By Suhasini Srinivasan, Army Institute of Law, Mohali.

The Supreme Court on 10th April, 2015 asked all private hospitals throughout the country to provide free treatment, including medicines and corrective surgeries, to all acid attack victims and that private hospitals could neither “turn away” victims of acid attack nor wash their hands off after providing first aid. The order said that the term “treatment” included reconstructive surgery, free medicines, bed, rehabilitation and aftercare. The court also asked the Medical Council of India (MCI) to take up the issue of free treatment with private hospitals. This order came in response to a PIL filed by acid attack survivor Laxmi in the year 2006. During the hearing, the bench, which had fixed Rs 3 lakh as minimum compensation in such cases, was informed by Additional Solicitor General Maninder Singh, appearing for the Centre, that the Victims Compensation Schemes have been put in place by almost all the state governments.

The Social Justice Bench  consisting of Justices Madan B Lokur and Uday U Lalit asked all the state governments and Union Territories to ”take up the matter with the private hospitals” in order to ensure that acid attack victims are attended to immediately and adequately. Private hospitals have also been directed to issue certificates to such people endorsing them as acid attack victims. The certificate will be issued by the first hospital that an acid attack victim approaches and will be used for claiming future benefits. On banning the over-the-counter sale of acid across the country, it asked all states and UTs to notify acid as a ”scheduled substance” to stop its unregulated sale. It directed its orders be sent to chief secretaries of all states and UTs for their compliance and directed them to publicize it to ensure awareness among the people.

The directive came a day after the Centre told the court that private hospitals were bound to provide not just first aid to acid attack victims and but also free-of-cost treatment. Hospitals refusing first aid or free treatment to such people should be penalized, the central government had told the court. The years 2011, 2012 and 2013 witnessed a total of 83, 85 and 66 cases having been reported respectively, but this number shot up to 309 in 2014. The Centre, in its affidavit filed in pursuance of the 6th February order of the court, has said that in 2014, 309 acid attack incidents were reported in the country, out of which 185 incidents were from Uttar Pradesh-the highest. The year 2014 is almost four times the average number of acid attack cases in the preceding years. The court had earlier also sought a comprehensive affidavit from the Centre on the number of acid attack cases apart from the mechanism of treatment, compensation and rehabilitation of the victims. It had asked the Union home secretary to convene a meeting of chief secretaries and their counterparts in states to work out modalities to implement Section 357C of the CrPC (Criminal Law Amendment Act of 2013). In order to curb acid attacks on women, the apex court had earlier directed that this crime be made a non-bailable offence.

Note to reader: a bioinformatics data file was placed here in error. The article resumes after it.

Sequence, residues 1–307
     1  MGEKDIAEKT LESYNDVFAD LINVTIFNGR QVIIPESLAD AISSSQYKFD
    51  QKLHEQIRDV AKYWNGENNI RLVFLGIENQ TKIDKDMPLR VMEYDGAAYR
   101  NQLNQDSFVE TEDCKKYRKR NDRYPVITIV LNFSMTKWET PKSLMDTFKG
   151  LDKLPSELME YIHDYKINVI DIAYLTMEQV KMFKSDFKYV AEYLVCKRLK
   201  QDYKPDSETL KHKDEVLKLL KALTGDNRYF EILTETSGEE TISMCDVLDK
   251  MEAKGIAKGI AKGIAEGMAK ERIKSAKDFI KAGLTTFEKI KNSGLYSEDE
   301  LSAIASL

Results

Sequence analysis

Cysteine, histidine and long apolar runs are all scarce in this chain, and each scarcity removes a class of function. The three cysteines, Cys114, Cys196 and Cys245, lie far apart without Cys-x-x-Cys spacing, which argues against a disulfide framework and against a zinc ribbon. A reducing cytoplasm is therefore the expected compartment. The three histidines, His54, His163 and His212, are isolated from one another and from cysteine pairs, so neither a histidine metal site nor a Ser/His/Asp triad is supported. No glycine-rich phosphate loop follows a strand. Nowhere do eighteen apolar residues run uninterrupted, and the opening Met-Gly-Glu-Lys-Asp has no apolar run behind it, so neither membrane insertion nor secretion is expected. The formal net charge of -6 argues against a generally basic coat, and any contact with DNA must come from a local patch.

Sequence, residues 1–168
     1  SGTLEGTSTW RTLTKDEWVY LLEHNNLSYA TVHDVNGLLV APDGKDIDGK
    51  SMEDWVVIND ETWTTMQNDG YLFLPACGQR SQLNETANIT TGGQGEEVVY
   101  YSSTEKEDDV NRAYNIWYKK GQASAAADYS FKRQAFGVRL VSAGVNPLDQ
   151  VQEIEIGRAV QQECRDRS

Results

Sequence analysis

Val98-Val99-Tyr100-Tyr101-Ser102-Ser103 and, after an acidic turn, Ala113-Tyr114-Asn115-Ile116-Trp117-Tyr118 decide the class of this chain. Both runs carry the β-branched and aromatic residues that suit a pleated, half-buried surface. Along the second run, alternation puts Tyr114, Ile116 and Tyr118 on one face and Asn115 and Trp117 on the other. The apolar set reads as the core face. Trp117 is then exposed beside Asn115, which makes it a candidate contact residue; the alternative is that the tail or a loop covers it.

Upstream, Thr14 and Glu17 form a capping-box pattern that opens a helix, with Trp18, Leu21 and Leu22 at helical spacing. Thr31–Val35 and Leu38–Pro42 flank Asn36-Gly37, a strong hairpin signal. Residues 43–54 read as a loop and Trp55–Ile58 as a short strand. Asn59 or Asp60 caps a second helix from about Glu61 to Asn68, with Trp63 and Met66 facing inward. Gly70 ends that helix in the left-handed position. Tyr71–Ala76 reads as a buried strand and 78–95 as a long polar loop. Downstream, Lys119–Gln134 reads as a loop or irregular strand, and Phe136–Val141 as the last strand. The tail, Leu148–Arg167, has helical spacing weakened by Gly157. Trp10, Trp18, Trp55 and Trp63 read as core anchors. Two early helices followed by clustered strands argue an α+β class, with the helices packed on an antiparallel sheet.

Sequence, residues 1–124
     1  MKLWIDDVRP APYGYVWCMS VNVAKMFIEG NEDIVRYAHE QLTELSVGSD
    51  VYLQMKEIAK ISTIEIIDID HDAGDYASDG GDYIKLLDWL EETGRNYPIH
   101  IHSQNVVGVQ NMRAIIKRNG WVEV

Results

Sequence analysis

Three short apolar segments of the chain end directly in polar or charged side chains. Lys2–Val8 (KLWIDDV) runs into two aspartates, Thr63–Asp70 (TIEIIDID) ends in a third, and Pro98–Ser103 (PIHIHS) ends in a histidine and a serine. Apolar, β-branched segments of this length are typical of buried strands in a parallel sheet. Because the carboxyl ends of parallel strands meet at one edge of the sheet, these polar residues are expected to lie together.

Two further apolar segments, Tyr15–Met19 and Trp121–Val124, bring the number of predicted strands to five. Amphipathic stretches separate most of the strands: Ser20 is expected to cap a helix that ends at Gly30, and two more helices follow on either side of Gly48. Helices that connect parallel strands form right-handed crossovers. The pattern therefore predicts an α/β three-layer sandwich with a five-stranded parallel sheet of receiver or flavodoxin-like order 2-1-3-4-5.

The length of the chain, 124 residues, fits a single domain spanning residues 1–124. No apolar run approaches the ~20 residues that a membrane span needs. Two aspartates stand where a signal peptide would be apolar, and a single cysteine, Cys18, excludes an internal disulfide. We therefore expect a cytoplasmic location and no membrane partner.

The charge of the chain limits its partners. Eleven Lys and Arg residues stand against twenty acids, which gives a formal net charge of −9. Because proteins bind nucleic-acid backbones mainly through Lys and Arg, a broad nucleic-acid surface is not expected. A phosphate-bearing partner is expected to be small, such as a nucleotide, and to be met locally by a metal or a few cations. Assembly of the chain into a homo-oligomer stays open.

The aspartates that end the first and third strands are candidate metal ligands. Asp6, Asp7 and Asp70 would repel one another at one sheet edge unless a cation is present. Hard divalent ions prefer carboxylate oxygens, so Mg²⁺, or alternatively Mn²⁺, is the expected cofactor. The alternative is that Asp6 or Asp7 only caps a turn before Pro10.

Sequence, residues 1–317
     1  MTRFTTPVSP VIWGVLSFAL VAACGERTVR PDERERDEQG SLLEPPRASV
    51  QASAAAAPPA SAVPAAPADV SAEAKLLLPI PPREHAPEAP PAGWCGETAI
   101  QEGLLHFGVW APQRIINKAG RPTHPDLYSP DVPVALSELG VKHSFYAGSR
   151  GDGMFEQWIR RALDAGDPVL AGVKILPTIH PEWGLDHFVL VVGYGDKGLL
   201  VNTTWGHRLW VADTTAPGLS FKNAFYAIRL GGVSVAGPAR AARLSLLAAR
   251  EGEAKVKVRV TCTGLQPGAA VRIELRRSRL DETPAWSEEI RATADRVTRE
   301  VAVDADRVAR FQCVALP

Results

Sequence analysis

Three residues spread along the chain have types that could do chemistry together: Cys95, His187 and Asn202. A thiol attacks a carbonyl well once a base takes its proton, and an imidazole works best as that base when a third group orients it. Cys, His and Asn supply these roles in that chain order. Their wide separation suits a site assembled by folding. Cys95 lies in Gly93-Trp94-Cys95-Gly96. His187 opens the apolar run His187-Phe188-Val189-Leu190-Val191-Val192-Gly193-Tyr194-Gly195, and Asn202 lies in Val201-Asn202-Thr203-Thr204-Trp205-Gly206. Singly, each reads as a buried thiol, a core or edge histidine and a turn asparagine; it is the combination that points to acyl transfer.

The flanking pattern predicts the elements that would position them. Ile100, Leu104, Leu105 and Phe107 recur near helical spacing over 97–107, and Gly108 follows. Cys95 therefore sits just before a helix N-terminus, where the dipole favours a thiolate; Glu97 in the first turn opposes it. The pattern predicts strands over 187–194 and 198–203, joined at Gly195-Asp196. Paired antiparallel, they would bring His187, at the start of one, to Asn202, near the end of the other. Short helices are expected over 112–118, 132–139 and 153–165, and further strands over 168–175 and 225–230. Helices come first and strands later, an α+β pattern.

• Role of the Govt. and Private Hospitals:

The bench had also passed a slew of interim directions on various issues, including the sale of acids. The court had also said that out of the compensation amount of Rs 3 lakh, Rs 1 lakh should be paid within 15 days of bringing to the notice of the state government the occurrence of the attack.

The court directed the State governments to take action against the hospitals turning away victims. The Centre had last month directed all states to ensure speedy disbursal of the compensation amount, as well as timely treatment for them. After laying down a stringent regulatory mechanism for sale of acid to curb acid attacks on women, the court asked private hospitals to bear the entire cost of medical treatment of acid attack survivors, including costly plastic and corrective surgeries.